That’s because the light emitted by a tablet like an iPad can disrupt sleep if the device is used in the hours before bedtime, according to a new Harvard study.

People who read before bed using an iPad or similar "e-reader" device felt less sleepy and took longer to fall asleep than when they read a regular printed book, researchers found.

via Tablets and E-readers May Disrupt Your Sleep.

ICEd out of parking spots

December 22nd, 2014

The N&O’s Andrew Kinney writes about the topic of ICEing, which is what EV owners call it when their charging spot is blocked by an Internal Combustion Engine (ICE) vehicle. Kinney reports that the city has collected a lot of fines from due to drivers not paying attention to where they park.

I agree with Bonner Gaylord: perhaps painting the EV parking spaces a bright color might help clueless drivers pay better attention.

RALEIGH — People can’t seem to resist Raleigh’s electric-vehicle parking and charging spots – even when they’re driving gas guzzlers.

A sign next to each of the city’s 23 special spaces warns that gasoline-powered vehicles blocking the charger will get a $50 ticket. Yet fuel-burners just keep coming, especially to spot No. 378, which may be the most frequent site of parking tickets in Raleigh.

via RALEIGH: Gas guzzlers can’t stay out of electric-only parking in Raleigh | The Raleigh Report |

How ‘Jingle Bells’ by the Singing Dogs Changed Music Forever – The Atlantic

December 20th, 2014

This is a fascinating account of the version of “Jingle Bells” recorded by The Singing Dogs. I always assumed this song was from the late 1970s – big deal, someone sampled dogs and made a song. I was shocked tonight to find out it was actually recorded in 1955! I had no idea that this was such a groundbreaking song, launching the arts of multitrack recording and sampling. Who knew?

Let’s, for a moment, consider "Jingle Bells" as performed by the Singing Dogs. With jaded, 21st-century ears, it’s easy to dismiss as Yuletide kitsch. It topped a 2007 survey of most-hated Christmas songs, but there was a time when listeners marveled at it—Dogs! And they’re singing!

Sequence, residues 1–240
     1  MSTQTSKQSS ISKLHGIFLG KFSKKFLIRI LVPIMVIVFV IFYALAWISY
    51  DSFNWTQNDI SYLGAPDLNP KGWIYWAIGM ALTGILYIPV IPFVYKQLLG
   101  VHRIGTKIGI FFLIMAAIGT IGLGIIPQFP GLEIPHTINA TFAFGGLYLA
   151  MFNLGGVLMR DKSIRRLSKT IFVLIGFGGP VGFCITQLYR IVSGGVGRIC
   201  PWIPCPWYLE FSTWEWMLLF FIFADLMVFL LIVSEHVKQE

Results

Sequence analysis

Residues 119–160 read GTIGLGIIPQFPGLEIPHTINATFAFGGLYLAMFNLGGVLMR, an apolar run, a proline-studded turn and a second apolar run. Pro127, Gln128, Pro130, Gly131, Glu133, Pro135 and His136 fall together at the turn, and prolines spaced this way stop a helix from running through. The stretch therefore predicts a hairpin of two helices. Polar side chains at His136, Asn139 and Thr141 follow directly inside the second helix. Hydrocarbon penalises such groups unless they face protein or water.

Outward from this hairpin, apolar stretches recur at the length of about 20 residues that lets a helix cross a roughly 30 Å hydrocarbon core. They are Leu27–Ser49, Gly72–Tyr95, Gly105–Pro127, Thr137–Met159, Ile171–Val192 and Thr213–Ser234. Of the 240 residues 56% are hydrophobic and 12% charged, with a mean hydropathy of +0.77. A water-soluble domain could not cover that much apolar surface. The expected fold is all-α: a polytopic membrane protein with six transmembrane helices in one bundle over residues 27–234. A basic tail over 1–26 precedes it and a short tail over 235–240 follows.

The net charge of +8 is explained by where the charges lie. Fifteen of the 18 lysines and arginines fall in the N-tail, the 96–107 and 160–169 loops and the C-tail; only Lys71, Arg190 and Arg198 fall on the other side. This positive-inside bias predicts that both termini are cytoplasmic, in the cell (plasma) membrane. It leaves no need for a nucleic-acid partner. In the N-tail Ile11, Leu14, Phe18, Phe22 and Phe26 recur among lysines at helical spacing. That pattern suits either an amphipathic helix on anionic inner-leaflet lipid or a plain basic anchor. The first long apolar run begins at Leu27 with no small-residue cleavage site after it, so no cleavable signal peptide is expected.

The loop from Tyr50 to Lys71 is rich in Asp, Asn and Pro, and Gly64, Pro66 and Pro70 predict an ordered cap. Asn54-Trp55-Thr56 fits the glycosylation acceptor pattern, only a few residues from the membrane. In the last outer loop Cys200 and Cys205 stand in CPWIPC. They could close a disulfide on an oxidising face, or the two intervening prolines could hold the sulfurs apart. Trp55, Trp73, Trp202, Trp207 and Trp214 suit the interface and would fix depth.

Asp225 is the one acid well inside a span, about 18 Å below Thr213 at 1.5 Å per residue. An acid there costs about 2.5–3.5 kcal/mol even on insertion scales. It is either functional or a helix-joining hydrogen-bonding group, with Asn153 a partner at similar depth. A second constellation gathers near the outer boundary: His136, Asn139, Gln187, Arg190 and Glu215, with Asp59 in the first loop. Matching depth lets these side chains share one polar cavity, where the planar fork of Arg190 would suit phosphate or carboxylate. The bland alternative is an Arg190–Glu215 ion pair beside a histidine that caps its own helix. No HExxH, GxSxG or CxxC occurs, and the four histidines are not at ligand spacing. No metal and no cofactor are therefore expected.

It’s time we give the Singing Dogs their due. Created in Denmark in the early 1950s by a self-taught ornithologist and released in the U.S. in 1955, the record marks a turning point in how we listen to music. I’ll explain.

via How 'Jingle Bells' by the Singing Dogs Changed Music Forever – The Atlantic.

Cuban relations

December 18th, 2014

President Obama caused quite a stir yesterday when he announced the normalization of relations with Cuba. Of course, Republicans quickly went ape-shit at this announcement and are already lining up to oppose it. Being that it’s the President’s constitutional prerogative to conduct foreign affairs, I’m not sure what whiny Congressmembers can do.

As for ditching restrictions on Cuba, I say good riddance! I’ve never understood the continuing economic embargo against Cuba. Yes, Cuba is a communist country but for decades we’ve had no trouble doing business with communist (and nuclear-armed) China. Hell, China actively spies on us, conducts provocative naval maneuvers, and is actively working to diminish the stature of the United States in the Pacific region. I suppose if Cuba had a population of a billion potential consumers like China we be falling all over ourselves to put aside our differences.